Lung transplantation is becoming an acceptable mode of therapy worldwide for end-stage lung disease. We present our initial experience with the first 10 consecutive lung transplant patients at Hadassah University Hospital. There were 5 males and 5 females with an age range of 27 to 59 years. Eight patients underwent single lung transplantation, one patient had double lung transplantation and one had heart-lung transplantation. Indications were: pulmonary fibrosis in 4, emphysema in 4, cystic fibrosis in 1, and cystic bronchiectasis in 1. Two patients had primary graft failure (1 death). Nine patients had a serious infection after transplantation (1 death). Four patients developed airway complications including dehiscence of bronchial anastomosis (1 death), bronchial stenosis requiring placement of a stent in 2 patients, and pneumothorax in 1 patient. One patient required tracheostomy. One patient died of massive brain infarction secondary to pulmonary venous thrombosis and embolization. Six patients are intermediate-term survivors, with a follow-up period of 4-24 months. Four of them had at least one episode of rejection each. In all survivors pulmonary functions and quality of life improved and they do not need supplemental oxygen. We conclude that lung transplantation is a viable option for end-stage lung disease. Better selection of patients and perhaps improved immunosuppression agents will further improve outcome in lung transplantation. Shortage of donor supply is currently the limiting factor in successful lung transplantation in israel.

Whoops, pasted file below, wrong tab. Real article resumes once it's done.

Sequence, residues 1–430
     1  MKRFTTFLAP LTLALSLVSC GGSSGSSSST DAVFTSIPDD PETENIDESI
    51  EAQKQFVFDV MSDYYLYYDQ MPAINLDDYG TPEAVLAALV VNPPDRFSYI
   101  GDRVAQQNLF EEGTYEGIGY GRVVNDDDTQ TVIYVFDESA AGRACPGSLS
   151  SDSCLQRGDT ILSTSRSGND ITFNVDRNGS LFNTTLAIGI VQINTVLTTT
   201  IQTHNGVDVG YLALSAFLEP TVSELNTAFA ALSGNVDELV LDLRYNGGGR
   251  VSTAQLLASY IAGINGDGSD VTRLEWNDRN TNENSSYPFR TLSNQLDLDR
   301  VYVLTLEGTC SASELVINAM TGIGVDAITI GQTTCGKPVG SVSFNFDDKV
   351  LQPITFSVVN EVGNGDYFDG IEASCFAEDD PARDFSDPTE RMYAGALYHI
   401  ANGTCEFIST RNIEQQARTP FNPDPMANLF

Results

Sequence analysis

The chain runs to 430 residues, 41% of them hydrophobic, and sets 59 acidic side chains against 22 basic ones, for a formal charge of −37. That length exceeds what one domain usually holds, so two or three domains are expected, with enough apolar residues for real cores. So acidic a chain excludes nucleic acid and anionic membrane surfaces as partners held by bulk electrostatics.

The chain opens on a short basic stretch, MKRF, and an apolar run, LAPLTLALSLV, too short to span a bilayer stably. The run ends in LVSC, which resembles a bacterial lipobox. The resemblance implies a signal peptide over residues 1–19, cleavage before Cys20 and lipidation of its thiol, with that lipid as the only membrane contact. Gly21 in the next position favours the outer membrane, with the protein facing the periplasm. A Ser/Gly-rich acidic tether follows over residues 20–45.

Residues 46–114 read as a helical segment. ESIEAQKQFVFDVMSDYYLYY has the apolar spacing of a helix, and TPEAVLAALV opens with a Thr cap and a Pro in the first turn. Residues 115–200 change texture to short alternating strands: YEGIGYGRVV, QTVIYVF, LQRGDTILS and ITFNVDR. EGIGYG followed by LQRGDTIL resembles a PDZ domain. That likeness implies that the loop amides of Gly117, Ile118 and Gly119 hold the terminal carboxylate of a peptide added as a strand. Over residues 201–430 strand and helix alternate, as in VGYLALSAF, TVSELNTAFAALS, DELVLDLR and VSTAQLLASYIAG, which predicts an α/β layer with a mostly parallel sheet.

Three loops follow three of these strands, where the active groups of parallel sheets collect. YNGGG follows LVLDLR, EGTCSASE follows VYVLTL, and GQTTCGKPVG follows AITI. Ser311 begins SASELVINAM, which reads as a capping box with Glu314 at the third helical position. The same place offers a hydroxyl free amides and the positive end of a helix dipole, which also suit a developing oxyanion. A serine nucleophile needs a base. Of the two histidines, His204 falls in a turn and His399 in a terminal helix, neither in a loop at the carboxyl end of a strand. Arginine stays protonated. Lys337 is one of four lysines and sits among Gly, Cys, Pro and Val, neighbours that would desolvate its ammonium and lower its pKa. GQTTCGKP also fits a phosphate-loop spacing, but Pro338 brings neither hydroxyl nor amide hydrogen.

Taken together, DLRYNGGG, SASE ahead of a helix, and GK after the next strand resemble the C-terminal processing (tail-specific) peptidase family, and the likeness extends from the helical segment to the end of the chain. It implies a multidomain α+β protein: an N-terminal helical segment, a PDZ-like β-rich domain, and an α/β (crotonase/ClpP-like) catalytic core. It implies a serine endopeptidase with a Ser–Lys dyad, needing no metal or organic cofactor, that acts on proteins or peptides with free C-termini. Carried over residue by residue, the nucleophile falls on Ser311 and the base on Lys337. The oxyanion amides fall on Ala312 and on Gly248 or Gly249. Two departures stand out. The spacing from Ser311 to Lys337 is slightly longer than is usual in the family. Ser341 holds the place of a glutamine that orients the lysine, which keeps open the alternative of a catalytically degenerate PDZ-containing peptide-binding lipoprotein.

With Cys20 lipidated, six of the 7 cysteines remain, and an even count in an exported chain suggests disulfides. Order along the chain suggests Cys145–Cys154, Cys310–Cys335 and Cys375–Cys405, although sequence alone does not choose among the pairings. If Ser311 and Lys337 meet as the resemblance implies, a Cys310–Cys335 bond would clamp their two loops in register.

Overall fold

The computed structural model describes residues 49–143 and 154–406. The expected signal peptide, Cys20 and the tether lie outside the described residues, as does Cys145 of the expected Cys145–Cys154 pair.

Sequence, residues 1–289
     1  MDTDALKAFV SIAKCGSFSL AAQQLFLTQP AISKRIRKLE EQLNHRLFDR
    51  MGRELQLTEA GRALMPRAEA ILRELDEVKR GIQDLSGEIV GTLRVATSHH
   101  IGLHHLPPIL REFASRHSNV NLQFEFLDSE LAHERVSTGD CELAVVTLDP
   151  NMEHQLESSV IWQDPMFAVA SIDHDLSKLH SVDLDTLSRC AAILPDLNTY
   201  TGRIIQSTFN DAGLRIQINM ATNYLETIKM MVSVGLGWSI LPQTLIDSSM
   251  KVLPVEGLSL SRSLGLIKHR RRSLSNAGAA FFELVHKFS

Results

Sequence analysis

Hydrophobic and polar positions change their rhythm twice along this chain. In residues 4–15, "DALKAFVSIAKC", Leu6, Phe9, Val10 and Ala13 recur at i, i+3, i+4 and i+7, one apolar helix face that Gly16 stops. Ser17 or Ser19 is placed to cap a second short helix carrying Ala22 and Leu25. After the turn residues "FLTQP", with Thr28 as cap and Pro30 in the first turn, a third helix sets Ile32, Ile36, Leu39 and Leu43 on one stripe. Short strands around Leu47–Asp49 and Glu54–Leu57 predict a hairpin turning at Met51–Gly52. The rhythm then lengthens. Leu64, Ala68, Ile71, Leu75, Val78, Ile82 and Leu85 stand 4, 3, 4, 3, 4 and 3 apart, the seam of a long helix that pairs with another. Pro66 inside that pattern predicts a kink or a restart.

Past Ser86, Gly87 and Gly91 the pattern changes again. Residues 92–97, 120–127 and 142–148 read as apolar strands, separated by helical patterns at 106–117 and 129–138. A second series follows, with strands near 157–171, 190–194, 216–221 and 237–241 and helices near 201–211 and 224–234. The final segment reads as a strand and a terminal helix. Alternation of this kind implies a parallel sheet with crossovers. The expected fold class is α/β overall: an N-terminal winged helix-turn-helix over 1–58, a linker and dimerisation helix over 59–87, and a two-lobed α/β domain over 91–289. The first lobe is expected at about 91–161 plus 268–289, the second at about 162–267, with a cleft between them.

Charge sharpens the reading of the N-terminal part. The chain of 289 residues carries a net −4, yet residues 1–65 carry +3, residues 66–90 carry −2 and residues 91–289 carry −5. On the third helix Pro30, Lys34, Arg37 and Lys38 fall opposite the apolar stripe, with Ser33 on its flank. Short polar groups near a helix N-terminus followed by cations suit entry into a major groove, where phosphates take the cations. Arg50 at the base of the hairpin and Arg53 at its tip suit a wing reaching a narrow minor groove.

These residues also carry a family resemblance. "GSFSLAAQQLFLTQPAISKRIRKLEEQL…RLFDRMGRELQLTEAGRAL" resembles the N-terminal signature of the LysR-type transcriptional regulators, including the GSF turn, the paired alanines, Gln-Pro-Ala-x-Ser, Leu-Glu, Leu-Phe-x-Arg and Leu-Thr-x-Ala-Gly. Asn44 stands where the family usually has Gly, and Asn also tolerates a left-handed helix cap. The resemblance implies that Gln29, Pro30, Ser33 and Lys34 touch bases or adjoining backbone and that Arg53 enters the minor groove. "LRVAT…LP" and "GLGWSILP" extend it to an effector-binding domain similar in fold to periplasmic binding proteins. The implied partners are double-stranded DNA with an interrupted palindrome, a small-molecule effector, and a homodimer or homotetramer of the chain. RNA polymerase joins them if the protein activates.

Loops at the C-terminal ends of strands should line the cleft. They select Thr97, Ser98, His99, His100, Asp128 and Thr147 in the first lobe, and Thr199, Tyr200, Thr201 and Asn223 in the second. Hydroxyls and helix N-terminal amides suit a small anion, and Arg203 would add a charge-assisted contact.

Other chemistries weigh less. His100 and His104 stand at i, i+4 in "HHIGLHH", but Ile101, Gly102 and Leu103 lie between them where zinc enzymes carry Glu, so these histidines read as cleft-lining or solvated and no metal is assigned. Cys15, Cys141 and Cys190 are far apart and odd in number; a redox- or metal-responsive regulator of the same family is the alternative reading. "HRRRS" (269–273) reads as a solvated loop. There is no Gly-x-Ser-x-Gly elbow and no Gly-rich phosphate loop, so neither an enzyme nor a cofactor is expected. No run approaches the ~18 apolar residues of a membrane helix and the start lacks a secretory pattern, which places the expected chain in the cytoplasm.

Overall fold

|Number of pages||5|
|Journal||Israel Journal of Medical Sciences|
|State||Published - May 1996|
- Heart-lung transplantation
- Lung transplantation